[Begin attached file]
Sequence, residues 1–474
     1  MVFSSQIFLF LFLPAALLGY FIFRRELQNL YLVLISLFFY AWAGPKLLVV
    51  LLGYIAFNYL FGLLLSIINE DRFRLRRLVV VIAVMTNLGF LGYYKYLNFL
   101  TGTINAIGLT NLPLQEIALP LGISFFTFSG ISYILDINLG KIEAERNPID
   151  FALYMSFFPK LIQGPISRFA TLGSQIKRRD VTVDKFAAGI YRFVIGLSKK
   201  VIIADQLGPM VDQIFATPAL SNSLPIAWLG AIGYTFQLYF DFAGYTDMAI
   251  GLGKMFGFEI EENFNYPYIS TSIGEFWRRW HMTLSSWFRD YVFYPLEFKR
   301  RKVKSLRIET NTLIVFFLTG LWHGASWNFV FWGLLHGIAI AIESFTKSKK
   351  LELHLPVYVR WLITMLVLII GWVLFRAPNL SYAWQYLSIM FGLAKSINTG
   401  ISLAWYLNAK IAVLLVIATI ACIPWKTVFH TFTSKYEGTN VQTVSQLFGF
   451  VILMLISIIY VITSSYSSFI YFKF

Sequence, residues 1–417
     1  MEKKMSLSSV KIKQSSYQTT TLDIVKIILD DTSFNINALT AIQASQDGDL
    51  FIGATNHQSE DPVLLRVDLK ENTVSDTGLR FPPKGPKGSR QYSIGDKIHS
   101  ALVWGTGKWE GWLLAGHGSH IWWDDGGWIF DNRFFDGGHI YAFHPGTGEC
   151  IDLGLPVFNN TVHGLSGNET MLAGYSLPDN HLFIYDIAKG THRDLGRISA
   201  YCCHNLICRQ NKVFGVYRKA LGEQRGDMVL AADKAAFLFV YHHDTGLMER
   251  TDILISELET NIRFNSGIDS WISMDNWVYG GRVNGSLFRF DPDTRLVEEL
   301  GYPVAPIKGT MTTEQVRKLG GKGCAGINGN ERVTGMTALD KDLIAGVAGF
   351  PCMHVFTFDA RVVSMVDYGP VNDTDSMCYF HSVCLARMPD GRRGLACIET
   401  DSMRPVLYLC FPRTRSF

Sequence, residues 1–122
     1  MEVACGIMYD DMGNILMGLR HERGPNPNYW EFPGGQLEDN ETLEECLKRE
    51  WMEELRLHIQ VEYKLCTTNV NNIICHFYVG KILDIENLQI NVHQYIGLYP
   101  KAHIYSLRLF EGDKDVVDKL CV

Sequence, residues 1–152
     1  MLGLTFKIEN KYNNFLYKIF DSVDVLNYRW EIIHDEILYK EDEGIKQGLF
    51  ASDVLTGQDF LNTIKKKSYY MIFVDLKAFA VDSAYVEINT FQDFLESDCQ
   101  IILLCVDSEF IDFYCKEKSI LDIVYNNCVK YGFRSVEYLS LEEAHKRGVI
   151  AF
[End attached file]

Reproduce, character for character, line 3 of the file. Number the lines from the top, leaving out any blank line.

    51  LLGYIAFNYL FGLLLSIINE DRFRLRRLVV VIAVMTNLGF LGYYKYLNFL